Lifelong platonic friends Zack and Miri look to solve their respective cash-flow problems by making an adult film together. As the cameras roll, however, the duo begin to sense that they may have more feelings for each other than they previously thought.
A British investment broker inherits his uncle's chateau and vineyard in Provence, where he spent much of his childhood. He discovers a new laid-back lifestyle as he tries to renovate the estate to be sold.
Maurice Russell, once a great actor, is now living in London in the twilight of his life. Those of his generation remember him fondly, while those in the younger generations have no idea who he is. He spends most of his time hanging out with his friends Ian, also an actor, and Donald, or visiting with his wife Valerie for who he has great affection but with who he no longer lives. His acting career is virtually over, he only taking roles on the odd occasion when he needs the money. Ian has decided to invite his young great-niece Jessie from the provinces to come and stay with him, basically to act as his caregiver in case he falls ill, but also to be his companion. He envisions listening to Bach with her and her cooking him food to which he is accustomed. Jessie's stay is nothing as he envisions. She doesn't know how to cook, she drinks all his alcohol, and she has unrealistic visions of what she will accomplish in her life. Maurice, however, sees in Jessie, a person who can help him ... Written by
Unsynchronised, bad edit at roughly 51 minutes, 10 seconds. The voice of Jessie can be heard saying "No Maurice I'm not going out" but her lips aren't moving, in fact she's just started to sip from her glass. See more »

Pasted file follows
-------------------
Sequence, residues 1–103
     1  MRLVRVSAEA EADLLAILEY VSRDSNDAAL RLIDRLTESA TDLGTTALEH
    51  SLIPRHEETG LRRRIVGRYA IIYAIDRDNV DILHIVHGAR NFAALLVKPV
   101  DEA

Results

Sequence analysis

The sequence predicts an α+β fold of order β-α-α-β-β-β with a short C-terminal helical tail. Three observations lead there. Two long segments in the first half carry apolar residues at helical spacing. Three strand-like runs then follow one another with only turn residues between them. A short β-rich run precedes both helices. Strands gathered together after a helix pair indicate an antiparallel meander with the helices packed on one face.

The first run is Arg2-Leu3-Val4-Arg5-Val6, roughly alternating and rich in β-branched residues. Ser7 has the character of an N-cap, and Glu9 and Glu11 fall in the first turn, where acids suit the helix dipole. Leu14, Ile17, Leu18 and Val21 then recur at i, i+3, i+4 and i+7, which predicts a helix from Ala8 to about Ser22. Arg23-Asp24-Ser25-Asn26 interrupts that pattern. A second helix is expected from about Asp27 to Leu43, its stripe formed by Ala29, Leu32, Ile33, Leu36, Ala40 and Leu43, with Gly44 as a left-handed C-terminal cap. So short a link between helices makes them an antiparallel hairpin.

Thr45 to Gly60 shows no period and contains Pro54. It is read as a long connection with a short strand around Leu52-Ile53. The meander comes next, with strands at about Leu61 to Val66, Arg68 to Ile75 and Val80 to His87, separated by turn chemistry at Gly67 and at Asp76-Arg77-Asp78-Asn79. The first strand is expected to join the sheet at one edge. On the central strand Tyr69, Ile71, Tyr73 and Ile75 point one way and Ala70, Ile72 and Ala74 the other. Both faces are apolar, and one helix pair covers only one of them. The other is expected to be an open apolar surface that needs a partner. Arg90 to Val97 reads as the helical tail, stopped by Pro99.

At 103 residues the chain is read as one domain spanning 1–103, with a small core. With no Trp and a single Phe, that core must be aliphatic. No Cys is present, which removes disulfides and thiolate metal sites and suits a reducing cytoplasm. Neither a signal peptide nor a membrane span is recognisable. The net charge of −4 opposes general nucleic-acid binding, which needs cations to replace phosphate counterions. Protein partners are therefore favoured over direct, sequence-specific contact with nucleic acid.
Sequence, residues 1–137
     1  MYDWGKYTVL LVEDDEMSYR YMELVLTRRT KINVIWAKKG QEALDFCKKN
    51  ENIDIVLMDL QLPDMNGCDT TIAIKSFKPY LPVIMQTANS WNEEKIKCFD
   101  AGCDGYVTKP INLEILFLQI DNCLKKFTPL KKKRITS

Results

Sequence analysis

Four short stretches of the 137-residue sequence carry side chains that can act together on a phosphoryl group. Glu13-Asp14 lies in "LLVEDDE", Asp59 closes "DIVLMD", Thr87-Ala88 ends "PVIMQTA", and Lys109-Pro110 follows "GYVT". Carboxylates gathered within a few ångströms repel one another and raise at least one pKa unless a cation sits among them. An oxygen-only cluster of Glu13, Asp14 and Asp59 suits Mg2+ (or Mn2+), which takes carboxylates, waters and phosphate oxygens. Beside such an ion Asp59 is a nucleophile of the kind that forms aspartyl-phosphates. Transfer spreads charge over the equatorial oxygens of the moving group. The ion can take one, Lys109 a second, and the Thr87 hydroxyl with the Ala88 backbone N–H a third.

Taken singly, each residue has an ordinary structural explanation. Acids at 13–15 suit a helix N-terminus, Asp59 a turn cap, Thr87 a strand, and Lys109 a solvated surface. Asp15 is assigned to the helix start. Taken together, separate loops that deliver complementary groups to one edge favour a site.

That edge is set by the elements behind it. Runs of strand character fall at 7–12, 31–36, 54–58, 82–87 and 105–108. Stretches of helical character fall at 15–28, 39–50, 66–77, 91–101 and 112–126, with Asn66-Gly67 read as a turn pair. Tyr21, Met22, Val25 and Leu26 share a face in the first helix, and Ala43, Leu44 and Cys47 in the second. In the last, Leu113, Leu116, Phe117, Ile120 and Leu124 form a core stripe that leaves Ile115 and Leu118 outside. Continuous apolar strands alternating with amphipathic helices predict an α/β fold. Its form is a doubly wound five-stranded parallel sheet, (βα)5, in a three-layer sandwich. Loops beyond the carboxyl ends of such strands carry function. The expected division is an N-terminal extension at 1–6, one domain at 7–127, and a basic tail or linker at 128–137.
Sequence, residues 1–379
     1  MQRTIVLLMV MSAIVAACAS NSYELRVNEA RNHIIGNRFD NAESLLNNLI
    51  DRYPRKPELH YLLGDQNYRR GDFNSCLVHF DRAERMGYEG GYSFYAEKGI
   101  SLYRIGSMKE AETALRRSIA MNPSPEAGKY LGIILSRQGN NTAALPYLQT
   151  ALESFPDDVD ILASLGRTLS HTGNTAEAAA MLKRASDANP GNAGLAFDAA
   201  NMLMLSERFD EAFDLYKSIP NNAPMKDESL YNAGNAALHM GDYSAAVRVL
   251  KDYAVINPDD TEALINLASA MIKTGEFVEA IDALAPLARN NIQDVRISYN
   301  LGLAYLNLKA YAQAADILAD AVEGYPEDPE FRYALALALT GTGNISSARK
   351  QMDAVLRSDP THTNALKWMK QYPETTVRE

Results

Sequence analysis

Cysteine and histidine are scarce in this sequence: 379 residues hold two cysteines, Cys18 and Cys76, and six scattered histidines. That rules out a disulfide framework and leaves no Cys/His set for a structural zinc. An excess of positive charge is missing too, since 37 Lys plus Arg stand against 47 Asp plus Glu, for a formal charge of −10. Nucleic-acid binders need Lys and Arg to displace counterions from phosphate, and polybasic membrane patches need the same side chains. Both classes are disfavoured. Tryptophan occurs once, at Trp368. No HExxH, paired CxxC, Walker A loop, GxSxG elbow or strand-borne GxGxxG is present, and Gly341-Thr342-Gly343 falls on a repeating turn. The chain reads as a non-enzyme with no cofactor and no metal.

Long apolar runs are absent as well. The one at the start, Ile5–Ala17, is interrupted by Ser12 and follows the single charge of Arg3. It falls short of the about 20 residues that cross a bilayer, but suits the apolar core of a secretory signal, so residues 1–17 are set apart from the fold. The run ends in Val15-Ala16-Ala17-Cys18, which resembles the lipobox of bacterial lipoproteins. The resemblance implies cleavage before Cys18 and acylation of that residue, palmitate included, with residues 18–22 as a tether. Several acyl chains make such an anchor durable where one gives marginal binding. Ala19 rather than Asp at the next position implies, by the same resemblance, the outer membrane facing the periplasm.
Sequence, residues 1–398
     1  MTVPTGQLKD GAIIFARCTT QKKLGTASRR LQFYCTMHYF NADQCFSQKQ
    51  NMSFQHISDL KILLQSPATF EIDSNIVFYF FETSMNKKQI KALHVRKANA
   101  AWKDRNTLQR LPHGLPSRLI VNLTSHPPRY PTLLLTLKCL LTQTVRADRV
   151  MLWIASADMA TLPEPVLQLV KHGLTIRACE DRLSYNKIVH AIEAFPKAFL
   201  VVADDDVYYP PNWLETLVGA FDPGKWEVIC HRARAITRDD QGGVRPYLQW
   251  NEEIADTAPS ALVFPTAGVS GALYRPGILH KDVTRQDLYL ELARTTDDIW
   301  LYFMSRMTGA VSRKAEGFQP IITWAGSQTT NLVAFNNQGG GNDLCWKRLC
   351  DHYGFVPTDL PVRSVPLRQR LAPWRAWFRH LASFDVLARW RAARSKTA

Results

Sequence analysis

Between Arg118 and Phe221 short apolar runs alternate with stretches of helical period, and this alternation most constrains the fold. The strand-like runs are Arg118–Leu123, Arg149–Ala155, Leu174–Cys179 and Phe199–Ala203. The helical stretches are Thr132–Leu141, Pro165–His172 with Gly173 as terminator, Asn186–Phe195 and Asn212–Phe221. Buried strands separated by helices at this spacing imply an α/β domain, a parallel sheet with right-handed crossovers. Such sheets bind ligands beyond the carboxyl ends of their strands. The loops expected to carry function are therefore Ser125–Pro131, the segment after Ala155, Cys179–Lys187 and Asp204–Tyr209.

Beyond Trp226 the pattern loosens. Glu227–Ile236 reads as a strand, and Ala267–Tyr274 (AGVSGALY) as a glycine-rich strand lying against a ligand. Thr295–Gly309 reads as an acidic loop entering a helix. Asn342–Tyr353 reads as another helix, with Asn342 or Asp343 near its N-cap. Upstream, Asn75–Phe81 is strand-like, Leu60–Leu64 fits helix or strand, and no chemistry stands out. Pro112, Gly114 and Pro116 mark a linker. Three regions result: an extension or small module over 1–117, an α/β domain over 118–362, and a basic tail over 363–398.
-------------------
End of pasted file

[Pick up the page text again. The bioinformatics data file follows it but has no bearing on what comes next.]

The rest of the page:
This other man, the other man who loved you, was he not kind to you?
He was kind, for a time. He promised me things. He bought me stuff. We had champagne and there were roses.
Then you got pregnant.
Does everyone know?
It's happened to girls before.
Then... then he stopped being kind. He went the other way. A long way that way. He were engaged. I didn't know. It wasn't a miscarriage. My mum called it that. It were an abortion. And she made me.
"Shall I compare thee to a ...
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A feel good movie that still leaves you feeling like you need a shower. Some uncomfortable scenes and a few directorial flaws (a speedy montage during a trip to the shore is particularly out of place) don't detract from solid acting from the cast as a whole and a brilliant performance by Peter O'Toole in particular. This strange take on the Pygmalion story is well supported by Jodie Wittaker as the title character and Leslie Phillips as the friend that everyone needs to either accompany you or drive you to the grave. But it is O'Toole's performance that makes this movie worth the price of a ticket. If he doesn't finally win an Oscar for this I might have to start fund-raising to buy him one.
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